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Friday, November 25, 2011

Algorithms and Data Structures in C++

Algorithms and Data Structures in C++
by Alan Parker
CRC Press, CRC Press LLC
ISBN: 0849371716 Pub Date: 08/01/93
Chapter 1—Data Representations
1.1 Integer Representations
1.1.1 Unsigned Notation
1.1.2 Signed-Magnitude Notation
1.1.3 2’s Complement Notation
1.1.4 Sign Extension Signed-Magnitude Unsigned 2’s Complement
1.1.5 C++ Program Example
1.2 Floating Point Representation
1.2.1 IEEE 754 Standard Floating Point Representations IEEE 32-Bit Standard IEEE 64-bit Standard C++ Example for IEEE Floating point
1.2.2 Bit Operators in C++
1.2.3 Examples
1.2.4 Conversion from Decimal to Binary
1.3 Character Formats—ASCII
1.4 Putting it All Together
1.5 Problems
Chapter 2—Algorithms
2.1 Order
2.1.1 Justification of Using Order as a Complexity Measure
2.2 Induction
2.3 Recursion
2.3.1 Factorial
2.3.2 Fibonacci Numbers
2.3.3 General Recurrence Relations
2.3.4 Tower of Hanoi
2.3.5 Boolean Function Implementation
2.4 Graphs and Trees
2.5 Parallel Algorithms
2.5.1 Speedup and Amdahls Law
2.5.2 Pipelining
2.5.3 Parallel Processing and Processor Topologies Full Crossbar Rectangular Mesh Hypercube Cube-Connected Cycles
2.6 The Hypercube Topology
2.6.1 Definitions
2.6.2 Message Passing
2.6.3 Efficient Hypercubes Transitive Closure Least-Weighted Path-Length Hypercubes with Failed Nodes Efficiency Message Passing in Efficient Hypercubes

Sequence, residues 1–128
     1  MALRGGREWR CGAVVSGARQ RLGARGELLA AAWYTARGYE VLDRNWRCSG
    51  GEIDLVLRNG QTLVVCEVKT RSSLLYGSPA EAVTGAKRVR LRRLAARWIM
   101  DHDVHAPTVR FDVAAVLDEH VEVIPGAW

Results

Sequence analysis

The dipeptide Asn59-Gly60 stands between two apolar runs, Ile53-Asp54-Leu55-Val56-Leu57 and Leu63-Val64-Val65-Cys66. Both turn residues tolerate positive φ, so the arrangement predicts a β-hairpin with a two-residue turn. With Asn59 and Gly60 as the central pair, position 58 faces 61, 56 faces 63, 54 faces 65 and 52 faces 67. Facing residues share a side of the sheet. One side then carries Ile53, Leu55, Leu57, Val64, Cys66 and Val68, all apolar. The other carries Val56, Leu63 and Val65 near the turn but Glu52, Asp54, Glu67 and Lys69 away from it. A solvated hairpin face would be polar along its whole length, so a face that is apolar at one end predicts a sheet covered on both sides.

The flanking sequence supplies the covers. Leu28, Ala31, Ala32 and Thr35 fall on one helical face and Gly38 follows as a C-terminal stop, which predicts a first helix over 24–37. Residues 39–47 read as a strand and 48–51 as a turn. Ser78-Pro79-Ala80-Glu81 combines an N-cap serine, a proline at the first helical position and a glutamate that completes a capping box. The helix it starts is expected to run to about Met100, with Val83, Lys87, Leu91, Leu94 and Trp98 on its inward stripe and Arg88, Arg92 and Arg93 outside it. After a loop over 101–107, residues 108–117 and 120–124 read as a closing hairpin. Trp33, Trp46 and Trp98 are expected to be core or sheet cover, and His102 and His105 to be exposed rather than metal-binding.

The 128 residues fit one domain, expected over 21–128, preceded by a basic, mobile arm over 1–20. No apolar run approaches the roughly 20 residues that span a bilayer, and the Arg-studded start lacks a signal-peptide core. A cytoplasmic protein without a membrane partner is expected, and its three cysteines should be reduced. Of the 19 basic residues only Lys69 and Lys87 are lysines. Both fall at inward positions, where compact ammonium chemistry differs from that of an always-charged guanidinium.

2.6.4 Visualizing the Hypercube: A C++ Example
2.7 Problems
Chapter 3—Data Structures and Searching
3.1 Pointers and Dynamic Memory Allocation
3.1.1 A Double Pointer Example
3.1.2 Dynamic Memory Allocation with New and Delete
3.1.3 Arrays
3.1.4 Overloading in C++
3.2 Arrays
3.3 Stacks
3.4 Linked Lists
3.4.1 Singly Linked Lists
3.4.2 Circular Lists
3.4.3 Doubly Linked Lists
3.5 Operations on Linked Lists
3.5.1 A Linked List Example Bounding a Search Space
3.6 Linear Search
3.7 Binary Search
3.8 QuickSort
3.9 Binary Trees
3.9.1 Traversing the Tree
3.10 Hashing
3.11 Simulated Annealing
3.11.1 The Square Packing Problem Program Description
3.12 Problems
Chapter 4—Algorithms for Computer Arithmetic
4.1 2’s Complement Addition
4.1.1 Full and Half Adder
4.1.2 Ripple Carry Addition Overflow
4.1.3 Carry Lookahead Addition
4.2 A Simple Hardware Simulator in C++
4.3 2’s Complement Multiplication
4.3.1 Shift-Add Addition
4.3.2 Booth Algorithm
4.3.3 Bit-Pair Recoding
4.4 Fixed Point Division
4.4.1 Restoring Division
4.4.2 Nonrestoring Division
4.4.3 Shifting over 1’s and 0’s
4.4.4 Newton’s Method
4.5 Residue Number System
4.5.1 Representation in the Residue Number System
4.5.2 Data Conversion — Calculating the Value of a Number
4.5.3 C++ Implementation
4.6 Problems

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